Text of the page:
However, I'm a minimalist wannabe or aspirant. By NO MEANS am I a living out a minimalist life. With 4 kids' worth of cr*p in my garage and a husband who thinks he needs 30 old tattered shirts for the one time a year he works under the car, not to mention all my sentimental gifts and photos.. forget it.

    I posted here several times that my mother was an extreme minimalist, not by choice, but by misfortune (illness and a fire). But I think of her often and her one box of belongings she had when she died.

    I always think of what Jesus said: See how the flowers of the field grow. They do not labor or spin. 29 Yet I tell you that not even Solomon in all his splendor was dressed like one of these. 30If that is how God clothes the grass of the field, which is here today and tomorrow is thrown into the fire, will he not much more clothe you—you of little faith?

    What do we REALLY need? Why are we so much needier than birds or deer? Peace Pilgrim had her tunic, her sneakers, a comb, toothbrush, stamps, pencil and notepaper. THAT WAS IT! And she had it all.

    I appreciate your post--you just have to pursue minimalism according to what's best for your own personal needs. There's no right or wrong. However, I would just be wise about it and discriminating. (i.e., is this a backlash against your parents' hoarding? Is it means to an end vs. an end in itself? How will it further you as a human being?)
    "Do any human beings ever realize life while they live it--every, every minute?" Emily Webb, Our Town
    www.silententry.wordpress.com

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    I get how you would want to do this and probably can if you put your mind to it. But the part of minimalism I don't get is giving away possessions you need (your bed) and then spending money on a foldable mattress. Isn't it simpler and more pure to keep the few things you actually want/need, than going out and buying the minimalist version?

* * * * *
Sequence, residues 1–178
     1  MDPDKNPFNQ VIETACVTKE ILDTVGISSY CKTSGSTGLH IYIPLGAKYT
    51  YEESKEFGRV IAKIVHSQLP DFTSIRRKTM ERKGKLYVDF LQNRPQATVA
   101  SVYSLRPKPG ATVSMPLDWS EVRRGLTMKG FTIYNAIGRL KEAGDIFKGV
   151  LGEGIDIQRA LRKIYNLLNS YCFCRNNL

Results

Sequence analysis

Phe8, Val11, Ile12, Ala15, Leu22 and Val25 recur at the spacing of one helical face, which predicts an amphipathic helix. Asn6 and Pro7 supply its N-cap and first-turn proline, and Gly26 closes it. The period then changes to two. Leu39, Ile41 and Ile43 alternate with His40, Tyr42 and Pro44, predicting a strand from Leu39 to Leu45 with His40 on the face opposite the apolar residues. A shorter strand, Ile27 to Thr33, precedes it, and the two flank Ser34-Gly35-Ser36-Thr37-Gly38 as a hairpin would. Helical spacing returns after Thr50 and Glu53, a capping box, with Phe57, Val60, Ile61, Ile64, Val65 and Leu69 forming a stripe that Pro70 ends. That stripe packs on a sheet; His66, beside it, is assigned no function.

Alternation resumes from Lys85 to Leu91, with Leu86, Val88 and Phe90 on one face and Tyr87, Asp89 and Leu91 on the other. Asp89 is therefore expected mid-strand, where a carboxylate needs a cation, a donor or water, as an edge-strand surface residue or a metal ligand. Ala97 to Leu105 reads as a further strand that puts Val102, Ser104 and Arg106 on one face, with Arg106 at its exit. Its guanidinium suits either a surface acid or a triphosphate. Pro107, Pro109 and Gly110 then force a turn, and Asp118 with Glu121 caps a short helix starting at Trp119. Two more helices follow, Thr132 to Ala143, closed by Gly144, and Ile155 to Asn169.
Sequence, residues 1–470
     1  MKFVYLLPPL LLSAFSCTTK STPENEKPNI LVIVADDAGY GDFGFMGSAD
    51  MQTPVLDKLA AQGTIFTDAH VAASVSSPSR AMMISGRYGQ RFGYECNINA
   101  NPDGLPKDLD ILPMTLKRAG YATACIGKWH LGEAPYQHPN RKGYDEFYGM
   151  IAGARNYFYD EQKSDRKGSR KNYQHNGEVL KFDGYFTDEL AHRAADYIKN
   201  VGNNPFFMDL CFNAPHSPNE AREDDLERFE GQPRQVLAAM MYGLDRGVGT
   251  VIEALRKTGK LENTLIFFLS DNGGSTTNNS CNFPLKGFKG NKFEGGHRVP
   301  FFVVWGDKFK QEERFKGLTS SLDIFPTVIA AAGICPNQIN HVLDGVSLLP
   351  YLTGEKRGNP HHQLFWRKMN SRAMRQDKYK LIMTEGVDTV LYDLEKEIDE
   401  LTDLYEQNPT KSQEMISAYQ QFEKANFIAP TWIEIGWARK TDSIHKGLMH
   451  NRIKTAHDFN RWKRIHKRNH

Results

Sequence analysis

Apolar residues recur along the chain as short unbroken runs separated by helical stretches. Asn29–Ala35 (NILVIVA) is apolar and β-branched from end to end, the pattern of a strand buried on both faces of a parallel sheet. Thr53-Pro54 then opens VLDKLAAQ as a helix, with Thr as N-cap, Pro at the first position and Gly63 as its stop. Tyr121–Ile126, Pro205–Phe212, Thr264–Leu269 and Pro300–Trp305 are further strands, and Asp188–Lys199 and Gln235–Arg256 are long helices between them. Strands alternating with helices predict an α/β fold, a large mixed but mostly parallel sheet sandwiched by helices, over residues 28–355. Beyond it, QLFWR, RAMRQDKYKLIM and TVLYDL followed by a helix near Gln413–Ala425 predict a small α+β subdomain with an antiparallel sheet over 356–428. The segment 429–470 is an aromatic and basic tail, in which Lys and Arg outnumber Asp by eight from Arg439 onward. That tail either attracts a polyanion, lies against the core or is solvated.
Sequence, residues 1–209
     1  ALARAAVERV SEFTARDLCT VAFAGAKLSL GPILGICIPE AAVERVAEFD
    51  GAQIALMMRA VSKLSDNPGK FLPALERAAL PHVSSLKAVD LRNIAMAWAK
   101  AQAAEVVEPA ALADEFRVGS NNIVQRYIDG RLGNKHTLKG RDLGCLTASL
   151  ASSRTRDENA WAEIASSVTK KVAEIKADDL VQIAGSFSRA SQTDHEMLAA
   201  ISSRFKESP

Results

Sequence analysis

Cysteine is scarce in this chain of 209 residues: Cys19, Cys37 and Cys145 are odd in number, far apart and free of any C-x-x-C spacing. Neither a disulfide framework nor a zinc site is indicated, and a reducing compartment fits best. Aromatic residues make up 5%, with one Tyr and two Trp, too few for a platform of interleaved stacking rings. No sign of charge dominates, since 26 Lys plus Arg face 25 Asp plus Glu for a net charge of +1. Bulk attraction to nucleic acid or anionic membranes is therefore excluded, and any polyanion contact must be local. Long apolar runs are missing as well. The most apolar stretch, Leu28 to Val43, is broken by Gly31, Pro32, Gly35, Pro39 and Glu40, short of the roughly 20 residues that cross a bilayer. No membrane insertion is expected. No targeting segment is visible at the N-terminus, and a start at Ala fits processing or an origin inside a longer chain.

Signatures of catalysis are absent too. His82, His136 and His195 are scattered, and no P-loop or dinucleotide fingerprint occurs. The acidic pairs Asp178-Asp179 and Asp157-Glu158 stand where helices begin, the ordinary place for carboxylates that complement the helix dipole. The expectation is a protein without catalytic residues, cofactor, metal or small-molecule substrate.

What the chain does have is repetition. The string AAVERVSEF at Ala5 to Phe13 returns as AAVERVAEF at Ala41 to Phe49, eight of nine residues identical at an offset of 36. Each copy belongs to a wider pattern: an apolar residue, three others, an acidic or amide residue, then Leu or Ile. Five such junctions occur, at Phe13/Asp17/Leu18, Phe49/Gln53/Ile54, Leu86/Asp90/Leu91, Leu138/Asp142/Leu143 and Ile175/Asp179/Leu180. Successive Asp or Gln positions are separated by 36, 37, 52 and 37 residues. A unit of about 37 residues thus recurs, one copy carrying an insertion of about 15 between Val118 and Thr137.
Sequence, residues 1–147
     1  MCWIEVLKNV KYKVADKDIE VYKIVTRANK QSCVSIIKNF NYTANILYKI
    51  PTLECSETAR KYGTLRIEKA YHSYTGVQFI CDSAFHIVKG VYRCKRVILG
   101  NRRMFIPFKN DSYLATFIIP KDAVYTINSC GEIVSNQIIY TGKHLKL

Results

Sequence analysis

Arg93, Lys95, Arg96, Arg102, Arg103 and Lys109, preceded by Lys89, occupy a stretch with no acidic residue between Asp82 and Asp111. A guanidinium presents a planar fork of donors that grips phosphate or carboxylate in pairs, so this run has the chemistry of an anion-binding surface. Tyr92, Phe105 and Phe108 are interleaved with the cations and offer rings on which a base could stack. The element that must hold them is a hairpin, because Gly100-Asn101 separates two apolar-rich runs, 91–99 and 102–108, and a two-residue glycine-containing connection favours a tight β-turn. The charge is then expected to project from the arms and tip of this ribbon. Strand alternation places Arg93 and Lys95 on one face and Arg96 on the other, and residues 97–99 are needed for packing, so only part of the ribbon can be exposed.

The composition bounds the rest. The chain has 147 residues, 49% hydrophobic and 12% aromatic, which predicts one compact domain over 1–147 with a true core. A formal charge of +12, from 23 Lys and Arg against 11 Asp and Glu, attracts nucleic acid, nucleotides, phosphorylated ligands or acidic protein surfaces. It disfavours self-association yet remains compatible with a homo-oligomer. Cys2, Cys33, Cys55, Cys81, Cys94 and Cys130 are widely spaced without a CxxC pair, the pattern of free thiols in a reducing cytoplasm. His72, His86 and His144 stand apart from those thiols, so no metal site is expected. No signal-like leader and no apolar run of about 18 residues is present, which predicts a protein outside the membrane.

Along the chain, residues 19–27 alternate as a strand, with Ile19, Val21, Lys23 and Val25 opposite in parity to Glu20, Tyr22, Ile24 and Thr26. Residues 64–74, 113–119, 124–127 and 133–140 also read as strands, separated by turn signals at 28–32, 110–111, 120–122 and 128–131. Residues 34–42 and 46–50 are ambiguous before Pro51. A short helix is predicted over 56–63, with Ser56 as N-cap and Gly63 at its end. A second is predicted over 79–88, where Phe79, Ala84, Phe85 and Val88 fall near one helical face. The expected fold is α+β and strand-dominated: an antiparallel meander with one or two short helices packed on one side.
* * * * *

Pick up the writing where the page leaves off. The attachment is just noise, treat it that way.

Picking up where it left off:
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    It depends on whether a person is a traveler. My son lived for a few years without a car. He took everything he owned with him in one backpack and one small piece of luggage - with the exception of one plastic tote of sentimental items that he stored at his brothers house. He traveled around north and Central America for those couple of years.

    A mattress would have been impossible. A bed roll works in that life.

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    gotcha

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    I'm kind of with fresh start.

    What is your goal here? Mobility? Smaller living space? Lighter footprint?

    Are the possessions you currently have costing more in stress/storage/upkeep than they are worth for what they add to your life? I'm a recovering hoarder, so I have to ask myself the opposite question constantly.

    But I think that minimalism can be a problem taken to the extreme for the wrong reasons. Like anorexia. An overweight person might need to limit food intake or exercise for health, but an anorexic limits food intake or exercises to the point where it damages quality of life. I think minimalism can be taken to that point also.